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Microsoft 365

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Office 365 app logos Not to be confused with Windows 365.

Microsoft 365 is a product family of productivity software, collaboration and cloud-based services owned by Microsoft. It encompasses online services such as Outlook.com, OneDrive, Microsoft Teams, programs formerly marketed under the name Microsoft Office (including applications such as Word, Excel, PowerPoint, and Outlook on Microsoft Windows, macOS, mobile devices, and on the web), enterprise products and services associated with these products such as Exchange Server, SharePoint, and Yammer. It also covers subscription plans encompassing these products, including those that include subscription-based licenses to desktop and mobile software, and hosted email and intranet services.

The branding Office 365 was first introduced in 2010 to refer to a subscription-based software as a service platform for the corporate market, including hosted services such as Exchange, SharePoint, and Lync Server, and Office on the web. Some plans also included licenses for the Microsoft Office 2010 software. Upon the release of Office 2013, Microsoft began to promote the service as the primary distribution model for the Microsoft Office suite, adding consumer-focused plans integrating with services such as OneDrive and Skype, and emphasizing ongoing feature updates (as opposed to non-subscription licenses, where new versions require purchase of a new license, and do not receive feature updates).

In July 2017, Microsoft introduced a second brand of subscription services for the enterprise market known as Microsoft 365, combining Office 365 with Windows 10 Enterprise volume licenses and other cloud-based security and device management products. On April 21, 2020, Office 365 was rebranded as Microsoft 365, to emphasize the services current inclusion of products and services beyond the core Microsoft Office software family (including cloud-based productivity tools and artificial intelligence features). Most products that were called Office 365 were renamed as Microsoft 365 on the same day. In October 2022, Microsoft announced that it would discontinue the "Microsoft Office" brand by January 2023, with most of its products and online productivity services being marketed primarily under the "Microsoft 365" brand.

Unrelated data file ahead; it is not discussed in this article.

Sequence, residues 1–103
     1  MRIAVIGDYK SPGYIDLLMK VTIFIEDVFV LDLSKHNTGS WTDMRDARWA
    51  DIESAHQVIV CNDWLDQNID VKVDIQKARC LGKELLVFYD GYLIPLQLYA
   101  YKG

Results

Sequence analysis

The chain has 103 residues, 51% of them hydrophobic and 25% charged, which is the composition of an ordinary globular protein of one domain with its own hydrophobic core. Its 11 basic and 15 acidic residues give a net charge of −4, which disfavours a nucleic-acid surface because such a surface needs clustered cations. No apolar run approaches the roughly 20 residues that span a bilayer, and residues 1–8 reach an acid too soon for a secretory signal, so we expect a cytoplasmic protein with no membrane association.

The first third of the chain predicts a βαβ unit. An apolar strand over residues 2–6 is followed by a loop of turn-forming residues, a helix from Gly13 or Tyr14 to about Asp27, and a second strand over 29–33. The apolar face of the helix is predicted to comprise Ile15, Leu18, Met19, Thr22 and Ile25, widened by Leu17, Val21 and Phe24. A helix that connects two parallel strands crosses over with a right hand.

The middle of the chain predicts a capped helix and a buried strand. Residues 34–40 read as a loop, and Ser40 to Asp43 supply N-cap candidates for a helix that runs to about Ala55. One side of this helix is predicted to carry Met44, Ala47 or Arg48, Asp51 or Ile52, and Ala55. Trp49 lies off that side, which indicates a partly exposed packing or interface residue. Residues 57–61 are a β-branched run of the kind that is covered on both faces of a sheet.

Table of contents
  1. History
  2. Software and services
  3. Subscription plans
  4. Security
  5. Reception
  6. See also


As Office 365

Microsoft first announced Office 365 in October 2010, beginning with a private beta with various organizations, leading into a public beta in April 2011, and reaching general availability on June 28, 2011, with a launch aimed originally at corporate users. Facing growing competition from Google's similar service Google Apps, Microsoft designed the Office 365 platform to "bring together" its existing online services (such as the Business Productivity Online Suite) into "an always-up-to-date cloud service" incorporating Exchange Server (for e-mail), SharePoint (for internal social networking, collaboration, and a public web site), and Lync (for communication, VoIP, and conferencing). Plans were initially launched for small business and enterprises; the small business plan offered Exchange e-mail, SharePoint Online, Lync Online, web hosting via SharePoint, and the Office Web Apps, with the enterprise plan also adding per-user licenses for the Office 2010 Professional Plus software and 24/7 phone support. Following the official launch of the service, Business Productivity Online Suite customers were given 12 months to migrate from BPOS to the Office 365 platform.

With the release of Office 2013, an updated version of the Office 365 platform was launched on February 27, 2013, expanding Office 365 to include new plans aimed at different types of businesses, along with new plans aimed at general consumers, including benefits tailored towards Microsoft consumer services such as OneDrive (whose integration with Office was a major feature of the 2013 suite). The server components were updated to their respective 2013 versions, and Microsoft expanded the Office 365 service with new plans, such as Small Business Premium, Midsize Premium, and Pro Plus. A new Office 365 Home Premium plan aimed at home users offers access to the Office 2013 suite for up to five computers, along with expanded OneDrive storage and 60 minutes of Skype calls monthly. The plan is aimed at mainstream consumers, especially those who want to install Office on multiple computers. A University plan was introduced, targeted at post-secondary students. With these new offerings, Microsoft began to offer prepaid Office 365 subscriptions through retail outlets alongside the normal, perpetually-licensed editions of Office 2013 (which are only licensed for use on one computer, and do not receive feature updates).